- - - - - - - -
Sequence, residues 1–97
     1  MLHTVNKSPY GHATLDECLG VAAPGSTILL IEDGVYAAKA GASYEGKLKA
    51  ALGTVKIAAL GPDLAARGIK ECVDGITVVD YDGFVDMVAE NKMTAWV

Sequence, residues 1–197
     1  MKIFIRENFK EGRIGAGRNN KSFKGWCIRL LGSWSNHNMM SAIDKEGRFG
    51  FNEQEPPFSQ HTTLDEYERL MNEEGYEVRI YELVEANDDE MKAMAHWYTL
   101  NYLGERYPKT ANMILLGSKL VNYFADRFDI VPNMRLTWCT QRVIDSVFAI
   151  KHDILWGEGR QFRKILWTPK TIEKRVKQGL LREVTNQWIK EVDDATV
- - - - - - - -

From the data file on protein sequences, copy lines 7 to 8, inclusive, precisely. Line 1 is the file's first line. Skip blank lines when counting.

   101  NYLGERYPKT ANMILLGSKL VNYFADRFDI VPNMRLTWCT QRVIDSVFAI
   151  KHDILWGEGR QFRKILWTPK TIEKRVKQGL LREVTNQWIK EVDDATV